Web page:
Danielle Bernini sat on the bench, saddled with foul trouble, and patiently waited to get back into the district playoff game.

Instead of simmering, consumed by the frustration of missing part of the season's biggest game, the Mount Carmel center was immersed in the action.

She watched things unfold on the court, picked up tips while sidelined, mental notes that could help her and her teammates later in the game.

That likely wouldn't have been the case, Bernini admitted recently, if she had been isolated on the bench, eyes to the floor, drowning her sorrow in Gatorade.

Because in the game against Towanda last year, Bernini, then a junior, didn't simply make a beeline to a random seat after incurring her third foul in the first half.

She parked it in a chair right next to head coach Lisa Varano, the one left vacant on Mount Carmel's bench each game.

"It felt good to be next to her, knowing she wanted me in there, and listening to her, hearing what she thinks of how we're playing," Bernini recalled. "I got a good idea of what we were doing and what I could do to help us toward the end of the game."

Never mind the Red Tornadoes ultimately lost the game. Focus on Bernini's mind-set, that she didn't become a casualty of the benching.

It isn't a symbolic gesture or a tribute, such as UCLA keeping legendary coach John Wooden's seat in Pauley Pavilion vacant.

The fact is it's just an empty seat between Varano and assistant coach Frank Bolick.

In truth, it's so much more.

"When we took over, (Frank) and I decided we wanted to leave that seat open," Varano said after a recent game. "Some girls don't come to it ­-- we don't make them come to it. If they come out of a game because they're turning the ball over or they're not where they're supposed to be on defense, it's an opportunity for either myself or my assistant to talk to them.

"And I think they're pretty comfortable with that."

Varano was promoted from assistant coach in the midst of last basketball season when former coach Mark Moyer resigned for personal reasons. In October, Moyer was charged with having unlawful contact with a 16-year-old female.

The Red Tornadoes are 16-5 with a state playoff appearance under Varano. They're currently tied atop the HAC-II standings.

Last week, in a key division game, Mount Carmel got off to a horrendous start and trailed Warrior Run by 11 early in the second quarter.

The vacant seat wasn't empty very often, but more like a revolving door of disconcerted players.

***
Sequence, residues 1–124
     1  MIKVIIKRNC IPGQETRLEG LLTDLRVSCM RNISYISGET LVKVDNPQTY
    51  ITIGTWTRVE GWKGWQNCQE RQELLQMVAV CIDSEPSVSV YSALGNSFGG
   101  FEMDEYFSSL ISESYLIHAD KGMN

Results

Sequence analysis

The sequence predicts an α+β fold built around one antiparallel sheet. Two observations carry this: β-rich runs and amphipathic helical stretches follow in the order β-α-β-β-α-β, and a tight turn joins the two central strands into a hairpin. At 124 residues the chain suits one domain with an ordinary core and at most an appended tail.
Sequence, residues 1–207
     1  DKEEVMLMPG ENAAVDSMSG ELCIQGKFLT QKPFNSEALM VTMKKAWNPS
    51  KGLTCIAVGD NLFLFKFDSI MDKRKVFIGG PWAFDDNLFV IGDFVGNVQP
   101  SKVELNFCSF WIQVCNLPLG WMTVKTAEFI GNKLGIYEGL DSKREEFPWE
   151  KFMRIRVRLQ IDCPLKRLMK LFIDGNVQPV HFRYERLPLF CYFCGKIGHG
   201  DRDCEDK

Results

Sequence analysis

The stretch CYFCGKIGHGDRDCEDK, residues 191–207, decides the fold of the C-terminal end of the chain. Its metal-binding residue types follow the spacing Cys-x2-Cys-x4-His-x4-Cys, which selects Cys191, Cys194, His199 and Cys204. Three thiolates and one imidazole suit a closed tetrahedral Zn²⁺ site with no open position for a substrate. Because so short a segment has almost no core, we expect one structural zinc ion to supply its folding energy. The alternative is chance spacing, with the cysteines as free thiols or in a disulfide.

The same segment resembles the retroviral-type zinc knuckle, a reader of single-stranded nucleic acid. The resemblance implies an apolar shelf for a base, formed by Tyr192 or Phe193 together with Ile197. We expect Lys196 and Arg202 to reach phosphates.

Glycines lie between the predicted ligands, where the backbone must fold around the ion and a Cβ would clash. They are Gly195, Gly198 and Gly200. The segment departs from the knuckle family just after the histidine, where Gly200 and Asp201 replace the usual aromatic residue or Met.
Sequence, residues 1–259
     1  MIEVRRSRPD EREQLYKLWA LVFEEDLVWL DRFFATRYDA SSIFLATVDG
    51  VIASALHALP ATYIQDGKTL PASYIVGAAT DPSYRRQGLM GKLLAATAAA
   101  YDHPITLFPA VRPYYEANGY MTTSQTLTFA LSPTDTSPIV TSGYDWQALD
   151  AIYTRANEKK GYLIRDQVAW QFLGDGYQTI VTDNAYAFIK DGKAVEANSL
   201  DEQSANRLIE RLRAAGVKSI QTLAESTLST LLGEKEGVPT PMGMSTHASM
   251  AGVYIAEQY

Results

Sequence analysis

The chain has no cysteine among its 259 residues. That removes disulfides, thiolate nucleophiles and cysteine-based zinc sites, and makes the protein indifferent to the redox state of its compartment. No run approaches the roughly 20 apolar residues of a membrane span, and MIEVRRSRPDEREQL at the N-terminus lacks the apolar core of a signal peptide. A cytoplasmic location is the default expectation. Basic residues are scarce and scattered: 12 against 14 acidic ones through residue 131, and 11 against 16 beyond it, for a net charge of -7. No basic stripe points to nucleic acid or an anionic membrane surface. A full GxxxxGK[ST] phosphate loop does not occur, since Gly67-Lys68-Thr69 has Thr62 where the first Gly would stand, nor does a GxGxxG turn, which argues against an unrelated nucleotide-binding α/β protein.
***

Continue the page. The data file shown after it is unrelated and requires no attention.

At one point, Bolick, a former major league infielder, grabbed a whiteboard to illustrate his instruction for his daughter, junior guard Heather Bolick.

"I just kinda sit there and he kinda talks to me and helps me out," Heather Bolick explained. "I definitely feel like our coaches help us. They talk to us (there), tell us what we're doing wrong or what we can do better."

What makes the concept work is the girls don't view it as a walk to the electric chair.

We've seen coaches so distressed by a kid's performance that they'll instruct their assistants to "slide down" so they can have an, ahem, talk with the player.

The Red Tornadoes, though, aren't intimidated by the prospect of sitting between their coaches.

"They rarely get an earful; that's not really our style. We're not yellers; the girls don't respond to that. They do respond, I think, when there's a mutual respect," said Varano. "We kinda have always been with the philosophy that girls make mistakes and they have to learn from them. So we use that more as a teaching tool."

"I don't dread it because it's not done in a negative way. She knows we're going to have bad moments, obviously, but it's always handled in a positive manner," said Bernini. "It tells me that she really cares, making sure you're always in the game, watching it, and making sure to tell you what you did wrong and what you did right and what you need to do when you go back out there.

"It helps motivation-wise, knowing she wants you back in there."

Which brings us to a point that's probably lost on many coaches. When players are yanked from a game for whatever reason (foul trouble, erratic play, lack of hustle, etc.), it's not a bad idea to open a quick dialogue.

Even if it's a reprimand ("We said four passes before a shot!"), a player might have something on his or her mind. At the very least, they'd likely appreciate the assurance they'll be going back into the game.

"(The empty seat) is definitely unique. Other coaches I've had, a lot of times you'll come out and people will move down, or you'll just go to the end of the bench and feel like you're not needed anymore," said Bernini. "Sometimes you just need that breather, like when you have those fouls, to tell them how frustrated you are. You don't want to keep that in and have it affect your whole game."

— Scott Dudinskie covers girls basketball for The Daily Item. Email comments to sdudinskie@dailyitem.com.

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